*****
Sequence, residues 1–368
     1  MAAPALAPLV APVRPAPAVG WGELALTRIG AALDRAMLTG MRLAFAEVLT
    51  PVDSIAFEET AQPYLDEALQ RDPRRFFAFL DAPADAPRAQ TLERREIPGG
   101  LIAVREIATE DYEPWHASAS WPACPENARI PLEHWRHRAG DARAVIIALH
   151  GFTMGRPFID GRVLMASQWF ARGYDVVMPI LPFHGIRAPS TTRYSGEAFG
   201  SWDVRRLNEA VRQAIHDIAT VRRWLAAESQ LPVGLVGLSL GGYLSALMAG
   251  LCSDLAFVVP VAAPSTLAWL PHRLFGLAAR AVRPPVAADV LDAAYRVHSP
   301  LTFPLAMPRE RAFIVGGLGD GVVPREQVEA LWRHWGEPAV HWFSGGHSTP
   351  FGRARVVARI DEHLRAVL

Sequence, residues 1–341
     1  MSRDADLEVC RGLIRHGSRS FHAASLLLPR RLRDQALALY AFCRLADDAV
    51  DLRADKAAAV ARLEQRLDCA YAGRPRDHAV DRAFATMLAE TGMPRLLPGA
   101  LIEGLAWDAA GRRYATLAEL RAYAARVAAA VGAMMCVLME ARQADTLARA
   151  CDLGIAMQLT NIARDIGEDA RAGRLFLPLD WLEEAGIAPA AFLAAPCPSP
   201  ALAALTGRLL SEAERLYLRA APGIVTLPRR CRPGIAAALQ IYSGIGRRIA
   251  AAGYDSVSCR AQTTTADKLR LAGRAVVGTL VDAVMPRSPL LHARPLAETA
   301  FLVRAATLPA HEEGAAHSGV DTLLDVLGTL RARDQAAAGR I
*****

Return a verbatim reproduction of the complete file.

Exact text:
Sequence, residues 1–368
     1  MAAPALAPLV APVRPAPAVG WGELALTRIG AALDRAMLTG MRLAFAEVLT
    51  PVDSIAFEET AQPYLDEALQ RDPRRFFAFL DAPADAPRAQ TLERREIPGG
   101  LIAVREIATE DYEPWHASAS WPACPENARI PLEHWRHRAG DARAVIIALH
   151  GFTMGRPFID GRVLMASQWF ARGYDVVMPI LPFHGIRAPS TTRYSGEAFG
   201  SWDVRRLNEA VRQAIHDIAT VRRWLAAESQ LPVGLVGLSL GGYLSALMAG
   251  LCSDLAFVVP VAAPSTLAWL PHRLFGLAAR AVRPPVAADV LDAAYRVHSP
   301  LTFPLAMPRE RAFIVGGLGD GVVPREQVEA LWRHWGEPAV HWFSGGHSTP
   351  FGRARVVARI DEHLRAVL

Sequence, residues 1–341
     1  MSRDADLEVC RGLIRHGSRS FHAASLLLPR RLRDQALALY AFCRLADDAV
    51  DLRADKAAAV ARLEQRLDCA YAGRPRDHAV DRAFATMLAE TGMPRLLPGA
   101  LIEGLAWDAA GRRYATLAEL RAYAARVAAA VGAMMCVLME ARQADTLARA
   151  CDLGIAMQLT NIARDIGEDA RAGRLFLPLD WLEEAGIAPA AFLAAPCPSP
   201  ALAALTGRLL SEAERLYLRA APGIVTLPRR CRPGIAAALQ IYSGIGRRIA
   251  AAGYDSVSCR AQTTTADKLR LAGRAVVGTL VDAVMPRSPL LHARPLAETA
   301  FLVRAATLPA HEEGAAHSGV DTLLDVLGTL RARDQAAAGR I